Of the 48 released JHOs, 42 (88%) were rearrested and 30 (63%) were rearrested for violent crimes during the follow-up period. The time at risk from release to first arrest for the 42 recidivists averaged 2 years and 6 months, ranging from 1 month to 17 years and 10 months. The time at risk for the six successes was longer than the time for the recidivists; it averaged 12 years and 5 months; it ranged from 3 years and 4 months to 26 years and 3 months. Two more offenders were known to have died after being released, bringing the number of deceased JHOs to five. Regression analysis indicated that JHOs who served shorter sentences (six years or less), relative to those who served longer sentences (seven years or more), were six times more likely to be rearrested for a violent offense. Demographic characteristics and pre-homicide criminal behavior were not related to post-release arrest [58].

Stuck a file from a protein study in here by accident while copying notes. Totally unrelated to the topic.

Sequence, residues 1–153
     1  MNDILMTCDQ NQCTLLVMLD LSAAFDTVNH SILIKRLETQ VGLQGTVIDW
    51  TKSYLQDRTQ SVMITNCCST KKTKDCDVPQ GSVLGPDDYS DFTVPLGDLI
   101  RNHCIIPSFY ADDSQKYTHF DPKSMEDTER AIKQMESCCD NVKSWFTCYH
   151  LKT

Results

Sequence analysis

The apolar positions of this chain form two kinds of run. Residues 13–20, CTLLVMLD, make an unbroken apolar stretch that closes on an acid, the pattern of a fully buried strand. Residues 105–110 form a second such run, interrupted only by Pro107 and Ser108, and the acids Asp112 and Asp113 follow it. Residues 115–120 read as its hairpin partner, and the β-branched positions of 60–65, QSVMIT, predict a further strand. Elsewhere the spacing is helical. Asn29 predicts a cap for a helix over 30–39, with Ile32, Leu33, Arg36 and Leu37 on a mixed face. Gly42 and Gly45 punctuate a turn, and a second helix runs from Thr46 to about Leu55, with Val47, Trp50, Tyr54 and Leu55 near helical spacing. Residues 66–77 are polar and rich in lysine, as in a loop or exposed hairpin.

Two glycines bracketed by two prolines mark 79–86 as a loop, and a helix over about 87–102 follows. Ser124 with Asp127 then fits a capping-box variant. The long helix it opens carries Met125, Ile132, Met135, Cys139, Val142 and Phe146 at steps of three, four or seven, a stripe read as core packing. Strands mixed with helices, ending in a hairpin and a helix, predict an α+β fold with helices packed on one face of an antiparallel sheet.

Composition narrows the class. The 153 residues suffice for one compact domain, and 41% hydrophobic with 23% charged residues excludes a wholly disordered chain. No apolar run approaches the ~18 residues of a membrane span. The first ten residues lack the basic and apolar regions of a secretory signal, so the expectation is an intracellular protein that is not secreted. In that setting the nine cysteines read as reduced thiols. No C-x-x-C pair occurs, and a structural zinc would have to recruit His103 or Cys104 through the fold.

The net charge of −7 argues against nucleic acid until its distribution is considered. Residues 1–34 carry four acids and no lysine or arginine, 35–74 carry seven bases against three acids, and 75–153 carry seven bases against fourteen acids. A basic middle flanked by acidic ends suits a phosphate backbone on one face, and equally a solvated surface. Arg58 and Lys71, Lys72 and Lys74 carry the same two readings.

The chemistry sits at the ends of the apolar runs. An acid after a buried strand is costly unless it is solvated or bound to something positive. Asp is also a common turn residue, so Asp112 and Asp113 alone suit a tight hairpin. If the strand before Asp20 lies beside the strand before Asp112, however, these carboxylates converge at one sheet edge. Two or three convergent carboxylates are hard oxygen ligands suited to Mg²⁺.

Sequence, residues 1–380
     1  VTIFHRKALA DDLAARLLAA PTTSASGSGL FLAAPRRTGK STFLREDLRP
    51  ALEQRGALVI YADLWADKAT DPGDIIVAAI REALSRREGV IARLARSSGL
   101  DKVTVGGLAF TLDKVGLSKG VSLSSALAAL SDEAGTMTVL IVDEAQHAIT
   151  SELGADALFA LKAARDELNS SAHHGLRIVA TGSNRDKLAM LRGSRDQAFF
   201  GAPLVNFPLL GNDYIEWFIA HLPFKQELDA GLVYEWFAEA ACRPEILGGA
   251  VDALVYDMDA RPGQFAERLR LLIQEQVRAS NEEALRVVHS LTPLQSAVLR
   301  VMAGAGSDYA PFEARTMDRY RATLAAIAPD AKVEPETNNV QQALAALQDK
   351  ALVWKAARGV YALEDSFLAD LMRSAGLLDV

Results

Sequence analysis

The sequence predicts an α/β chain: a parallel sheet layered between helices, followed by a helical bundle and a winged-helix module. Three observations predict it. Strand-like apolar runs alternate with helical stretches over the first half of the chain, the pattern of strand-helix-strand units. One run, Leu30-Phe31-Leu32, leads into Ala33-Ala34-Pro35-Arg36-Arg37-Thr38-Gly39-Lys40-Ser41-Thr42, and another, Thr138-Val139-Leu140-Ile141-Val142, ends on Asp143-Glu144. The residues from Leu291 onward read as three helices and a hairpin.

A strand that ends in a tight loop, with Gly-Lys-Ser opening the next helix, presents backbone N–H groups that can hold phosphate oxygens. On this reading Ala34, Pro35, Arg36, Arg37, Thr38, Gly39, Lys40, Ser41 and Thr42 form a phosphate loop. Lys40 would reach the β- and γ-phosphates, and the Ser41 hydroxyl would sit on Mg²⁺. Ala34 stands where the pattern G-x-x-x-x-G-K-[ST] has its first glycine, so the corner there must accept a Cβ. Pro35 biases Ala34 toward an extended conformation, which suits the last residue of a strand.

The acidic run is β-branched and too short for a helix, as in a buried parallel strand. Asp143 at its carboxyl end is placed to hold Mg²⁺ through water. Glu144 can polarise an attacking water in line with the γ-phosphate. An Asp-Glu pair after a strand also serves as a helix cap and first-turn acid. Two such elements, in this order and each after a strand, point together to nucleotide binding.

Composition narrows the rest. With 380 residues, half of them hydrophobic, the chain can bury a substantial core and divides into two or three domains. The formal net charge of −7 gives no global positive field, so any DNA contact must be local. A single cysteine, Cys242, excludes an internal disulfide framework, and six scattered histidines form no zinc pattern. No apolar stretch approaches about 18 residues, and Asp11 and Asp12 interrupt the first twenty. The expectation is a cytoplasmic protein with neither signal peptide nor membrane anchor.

In the third study, these same JHOs were classified into two groups based on whether the killing or attempted killing occurred during the commission of another crime (e.g., robbery, burglary) or during a conflict. Few differences distinguished the groups. Conflict-oriented JHOs were significantly more likely to use a firearm during the homicidal incident. Crime-oriented offenders were significantly more likely to have co-defendants. The two groups did not differ significantly with respect to other pre-incarceration variables, release from prison, number of post-release arrests, and number of post-release violent crime offenses [57].